Lowry and Harrington avoid the elephant in the room

Ryder Cup chat off limits between as they prepare for season restart in Abu Dhabi

It's not unusual for Shane Lowry to hook up with Pádraig Harrington at golf tournaments. Play a few holes, have short game duels, some putting competition. To generally shoot the breeze. Except, one thing has remained off limits at the European Tour's resumption in Abu Dhabi this week; a sort of Omerta code between the two that has barred any mention of the Ryder Cup, where Harrington will be Europe's captain later this year, and Lowry numbers being a player as one of his season's goals.

The two got together for a few holes of practice in the emirate in prepping for the Rolex Series event and talked about everything except the Ryder Cup.

“It’s funny, we never talk about it,” observed Lowry, who is intent on letting his clubs do whatever talking is needed to make it to Whistling Straits : “I don’t want to leave it to (Harrington) to have to pick me, because I know how hard a decision that would be . . . I want to make the team and he knows that more than anything. I’m going to be doing my best. Golf’s a funny game. We don’t know what is ahead of us, I’ll go out and give it my best every day and see where it leaves me.”

With the European points lists restarting in Abu Dhabi, having been put on hold last summer as the impact of the coronavirus hit, Lowry - currently outside an automatic place - at least returns to a familiar and happy hunting ground (having won the tournament in 2019) for what will be a three-week stint in the Middle East, also taking in next week's Dubai Desert Classic and the Saudi International.

After that, it will be back to his American base in Florida for a run of tournaments stateside up to the US Open before any thought of returning to play in Europe, most likely at the DDF Irish Open at Mount Juliet at the start of July.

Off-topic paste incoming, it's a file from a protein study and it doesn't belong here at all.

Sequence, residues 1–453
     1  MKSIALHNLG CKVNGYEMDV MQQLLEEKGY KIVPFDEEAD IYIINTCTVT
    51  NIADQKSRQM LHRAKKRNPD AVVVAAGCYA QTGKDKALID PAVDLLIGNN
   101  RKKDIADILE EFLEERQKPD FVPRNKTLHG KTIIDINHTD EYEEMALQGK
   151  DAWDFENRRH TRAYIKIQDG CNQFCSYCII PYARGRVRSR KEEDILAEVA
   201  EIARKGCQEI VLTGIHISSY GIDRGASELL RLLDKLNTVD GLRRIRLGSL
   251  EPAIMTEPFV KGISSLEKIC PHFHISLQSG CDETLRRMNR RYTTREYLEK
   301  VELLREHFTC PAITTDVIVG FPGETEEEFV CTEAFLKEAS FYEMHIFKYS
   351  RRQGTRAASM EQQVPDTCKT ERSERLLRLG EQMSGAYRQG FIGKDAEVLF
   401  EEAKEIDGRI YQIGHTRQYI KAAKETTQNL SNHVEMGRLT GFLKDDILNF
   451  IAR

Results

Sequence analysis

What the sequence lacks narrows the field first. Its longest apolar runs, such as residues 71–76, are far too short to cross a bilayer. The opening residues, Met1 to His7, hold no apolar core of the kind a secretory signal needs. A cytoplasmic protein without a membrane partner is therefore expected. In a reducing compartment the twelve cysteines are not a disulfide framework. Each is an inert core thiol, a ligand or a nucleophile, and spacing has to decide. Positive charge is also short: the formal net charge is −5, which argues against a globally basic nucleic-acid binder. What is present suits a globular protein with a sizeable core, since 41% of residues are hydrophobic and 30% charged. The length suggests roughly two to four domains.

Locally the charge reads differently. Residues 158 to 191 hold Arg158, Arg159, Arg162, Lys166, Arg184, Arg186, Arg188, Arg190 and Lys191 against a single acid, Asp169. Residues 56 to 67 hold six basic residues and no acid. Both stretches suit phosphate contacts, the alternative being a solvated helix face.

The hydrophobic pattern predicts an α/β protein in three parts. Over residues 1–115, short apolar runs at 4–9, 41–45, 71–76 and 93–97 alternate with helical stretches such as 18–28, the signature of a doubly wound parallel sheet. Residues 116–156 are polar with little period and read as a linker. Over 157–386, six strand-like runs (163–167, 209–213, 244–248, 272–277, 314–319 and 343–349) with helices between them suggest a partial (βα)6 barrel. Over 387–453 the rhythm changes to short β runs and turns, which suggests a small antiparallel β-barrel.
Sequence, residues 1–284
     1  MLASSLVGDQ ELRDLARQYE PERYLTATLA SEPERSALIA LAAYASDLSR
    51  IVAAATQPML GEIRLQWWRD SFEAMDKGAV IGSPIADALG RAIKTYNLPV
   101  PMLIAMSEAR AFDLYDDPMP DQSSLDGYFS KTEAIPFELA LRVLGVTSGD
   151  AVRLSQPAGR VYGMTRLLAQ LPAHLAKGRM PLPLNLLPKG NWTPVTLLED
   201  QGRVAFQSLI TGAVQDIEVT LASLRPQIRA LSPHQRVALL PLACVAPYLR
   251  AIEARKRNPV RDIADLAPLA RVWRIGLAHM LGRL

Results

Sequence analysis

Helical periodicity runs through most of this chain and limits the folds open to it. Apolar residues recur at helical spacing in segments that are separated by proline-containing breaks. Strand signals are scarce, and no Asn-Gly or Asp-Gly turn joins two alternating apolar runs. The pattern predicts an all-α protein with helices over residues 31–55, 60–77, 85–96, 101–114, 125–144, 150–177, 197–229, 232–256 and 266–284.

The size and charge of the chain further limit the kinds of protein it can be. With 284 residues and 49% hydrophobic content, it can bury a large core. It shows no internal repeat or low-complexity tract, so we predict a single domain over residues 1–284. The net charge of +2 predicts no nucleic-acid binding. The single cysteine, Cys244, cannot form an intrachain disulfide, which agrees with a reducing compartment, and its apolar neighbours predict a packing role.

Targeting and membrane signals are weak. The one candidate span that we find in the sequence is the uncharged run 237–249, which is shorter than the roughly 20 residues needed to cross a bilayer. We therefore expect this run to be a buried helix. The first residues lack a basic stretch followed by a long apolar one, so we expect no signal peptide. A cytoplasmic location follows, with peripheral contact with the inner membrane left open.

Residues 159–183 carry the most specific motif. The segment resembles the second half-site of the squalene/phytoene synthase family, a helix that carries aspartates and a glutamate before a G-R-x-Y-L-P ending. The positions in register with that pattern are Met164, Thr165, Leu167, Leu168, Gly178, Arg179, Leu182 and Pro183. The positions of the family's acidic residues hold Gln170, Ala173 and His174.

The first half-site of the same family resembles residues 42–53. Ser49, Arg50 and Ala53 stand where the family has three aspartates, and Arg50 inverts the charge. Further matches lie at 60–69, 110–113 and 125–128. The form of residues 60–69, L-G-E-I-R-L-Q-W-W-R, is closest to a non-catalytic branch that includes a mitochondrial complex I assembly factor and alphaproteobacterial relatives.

Lowry has done things differently this year in his preparations. He spent the past few weeks in the United States - settling in his wife Wendy and daughter Iris - and getting in warm weather practice at The Bears Club, where he is a member, and also at Seminole in getting ready for a return to competitive play. Indeed, his last time to have a card in hand was at the RSM Classic last November.

“It worked out well. Obviously, I’m a member at the Bears Club, which is obviously one of the best practice facilities you can get, and Neil (Manchip) came over and spent a full week with me so we got some good work done . . . I feel like my game is good. I’m playing nicely in practice but we all know sometimes that doesn’t always transform into good form on the course, so we’ll just wait and see,” said Lowry, who added: “My motivation never changes. Anybody who knows me knows I’m one of the most competitive people you will come across. Even playing nine holes with Pádraig (in practice) and I’m trying my best to shoot the best score I can to win that.

“The next big tournament I would like to win would be this one. Every tournament I play I’m trying to win. You don’t win them all. You just have to take your chance when you get it. I come out here and give my best week-in, week-out to try and compete. My motivation has never been stronger. I probably have more motivation than I ever had to go out, play my best, answer some questions I have of myself or maybe that other people had. I’m ready to hit the ground running this year and hopefully I can get off to a good start this week.”

Philip Reid

Philip Reid

Philip Reid is Golf Correspondent of The Irish Times